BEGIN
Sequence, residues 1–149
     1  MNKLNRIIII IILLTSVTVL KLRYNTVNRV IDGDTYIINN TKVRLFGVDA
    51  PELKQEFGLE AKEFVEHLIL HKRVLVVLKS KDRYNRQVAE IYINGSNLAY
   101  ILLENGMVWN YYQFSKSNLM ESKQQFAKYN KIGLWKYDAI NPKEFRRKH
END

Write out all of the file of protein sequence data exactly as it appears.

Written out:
Sequence, residues 1–149
     1  MNKLNRIIII IILLTSVTVL KLRYNTVNRV IDGDTYIINN TKVRLFGVDA
    51  PELKQEFGLE AKEFVEHLIL HKRVLVVLKS KDRYNRQVAE IYINGSNLAY
   101  ILLENGMVWN YYQFSKSNLM ESKQQFAKYN KIGLWKYDAI NPKEFRRKH